So now it seems that the antiquities stolen from Syria during ISIS’ short-lived caliphate are turning up for sale on Facebook.
‘But that can’t be right!’ I hear you cry (even if you didn’t). ‘What about the televised – and heartbreaking -destruction of Palmyra and the museum collections I saw on the YouTubes?’
Thing is, that was just for show. Behind the scenes, ISIS-backed thieves were looting and pillaging archaeological sites on an industrial scale. The sale of stolen antiquities became one of their major sources of income.
You see, where there’s a demand for anything that’s unobtainable in a legitimate marketplace (drugs, weapons, human beings, antiquities), criminal enterprises step up to fill the void.
In the meantime, the context of where the object was found is lost and, with that, knowledge about the people who made or used it.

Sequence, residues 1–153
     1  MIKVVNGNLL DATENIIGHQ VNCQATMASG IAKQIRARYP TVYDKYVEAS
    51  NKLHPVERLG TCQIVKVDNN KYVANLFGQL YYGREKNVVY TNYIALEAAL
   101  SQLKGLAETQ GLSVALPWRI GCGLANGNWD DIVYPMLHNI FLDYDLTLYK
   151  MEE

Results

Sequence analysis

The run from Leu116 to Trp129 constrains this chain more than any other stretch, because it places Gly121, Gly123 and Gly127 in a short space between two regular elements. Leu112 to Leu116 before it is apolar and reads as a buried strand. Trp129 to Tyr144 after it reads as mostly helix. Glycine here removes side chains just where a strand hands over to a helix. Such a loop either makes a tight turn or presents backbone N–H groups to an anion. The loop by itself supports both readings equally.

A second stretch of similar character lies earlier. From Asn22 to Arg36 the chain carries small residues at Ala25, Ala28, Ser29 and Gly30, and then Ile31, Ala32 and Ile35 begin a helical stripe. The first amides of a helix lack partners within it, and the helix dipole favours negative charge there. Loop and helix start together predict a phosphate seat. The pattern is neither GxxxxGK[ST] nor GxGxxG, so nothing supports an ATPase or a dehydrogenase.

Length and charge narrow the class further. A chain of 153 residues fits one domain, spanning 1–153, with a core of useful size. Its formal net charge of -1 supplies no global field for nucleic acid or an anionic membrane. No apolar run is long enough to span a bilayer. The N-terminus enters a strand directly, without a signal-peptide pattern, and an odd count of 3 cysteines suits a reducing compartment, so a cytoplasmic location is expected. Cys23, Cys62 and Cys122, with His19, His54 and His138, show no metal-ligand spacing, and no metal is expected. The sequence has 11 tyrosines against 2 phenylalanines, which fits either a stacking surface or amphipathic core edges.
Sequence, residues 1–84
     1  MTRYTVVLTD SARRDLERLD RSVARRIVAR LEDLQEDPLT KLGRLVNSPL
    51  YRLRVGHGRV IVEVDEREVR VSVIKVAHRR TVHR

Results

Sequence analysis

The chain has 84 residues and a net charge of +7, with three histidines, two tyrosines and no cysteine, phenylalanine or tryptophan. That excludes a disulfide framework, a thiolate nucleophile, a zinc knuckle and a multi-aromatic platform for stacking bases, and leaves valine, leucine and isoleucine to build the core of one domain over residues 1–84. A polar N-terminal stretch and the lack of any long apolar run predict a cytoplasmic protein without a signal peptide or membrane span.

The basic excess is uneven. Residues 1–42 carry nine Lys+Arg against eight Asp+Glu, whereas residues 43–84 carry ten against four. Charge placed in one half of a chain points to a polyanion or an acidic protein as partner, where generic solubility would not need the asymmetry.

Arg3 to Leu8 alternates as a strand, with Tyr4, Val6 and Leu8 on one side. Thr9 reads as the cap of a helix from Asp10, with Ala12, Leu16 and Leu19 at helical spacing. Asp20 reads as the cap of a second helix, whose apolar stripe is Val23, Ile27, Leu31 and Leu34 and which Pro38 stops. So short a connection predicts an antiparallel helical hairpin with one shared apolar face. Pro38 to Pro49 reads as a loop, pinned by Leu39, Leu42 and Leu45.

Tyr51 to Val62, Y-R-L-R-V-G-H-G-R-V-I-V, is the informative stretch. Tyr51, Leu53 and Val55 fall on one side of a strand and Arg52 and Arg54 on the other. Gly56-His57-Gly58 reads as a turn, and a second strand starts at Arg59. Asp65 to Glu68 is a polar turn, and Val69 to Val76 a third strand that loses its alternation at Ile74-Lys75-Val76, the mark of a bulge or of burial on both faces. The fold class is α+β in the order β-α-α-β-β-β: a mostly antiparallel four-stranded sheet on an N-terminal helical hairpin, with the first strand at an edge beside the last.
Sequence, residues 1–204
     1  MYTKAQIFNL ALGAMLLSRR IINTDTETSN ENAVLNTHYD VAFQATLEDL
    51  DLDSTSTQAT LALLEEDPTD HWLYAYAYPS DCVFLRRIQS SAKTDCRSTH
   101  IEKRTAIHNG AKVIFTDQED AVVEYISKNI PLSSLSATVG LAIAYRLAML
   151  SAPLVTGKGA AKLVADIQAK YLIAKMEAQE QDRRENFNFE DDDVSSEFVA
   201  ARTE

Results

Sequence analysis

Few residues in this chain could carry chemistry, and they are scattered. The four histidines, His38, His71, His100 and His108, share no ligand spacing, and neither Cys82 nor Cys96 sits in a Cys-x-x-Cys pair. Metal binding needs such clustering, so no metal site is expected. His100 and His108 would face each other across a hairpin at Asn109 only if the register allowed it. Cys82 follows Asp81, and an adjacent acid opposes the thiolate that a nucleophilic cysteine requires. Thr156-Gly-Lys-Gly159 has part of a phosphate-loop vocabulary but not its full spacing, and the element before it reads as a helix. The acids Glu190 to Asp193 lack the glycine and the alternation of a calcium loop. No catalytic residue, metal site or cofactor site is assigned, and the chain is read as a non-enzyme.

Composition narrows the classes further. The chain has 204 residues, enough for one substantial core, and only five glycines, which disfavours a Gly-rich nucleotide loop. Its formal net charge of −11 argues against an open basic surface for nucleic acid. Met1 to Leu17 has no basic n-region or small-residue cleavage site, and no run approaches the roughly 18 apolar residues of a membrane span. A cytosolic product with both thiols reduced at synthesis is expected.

Oh, and as much as it pains me to say it, Indiana Jones wasn’t much better, from a professional perspective. ‘Need a torch… hells, I’ll just grab me an arm from this mummy and set it alight. 🔥 Job done!’ ✅
As an archaeologist, it’s something that has always fascinated me, and inspired my two novels, ‘The Honourable Thief,’ and ‘The Emerald Tablet.’ But my stories are set in the Mediterranean in the 1950s.
Different time, different place, but the story remains the same. Some things never change.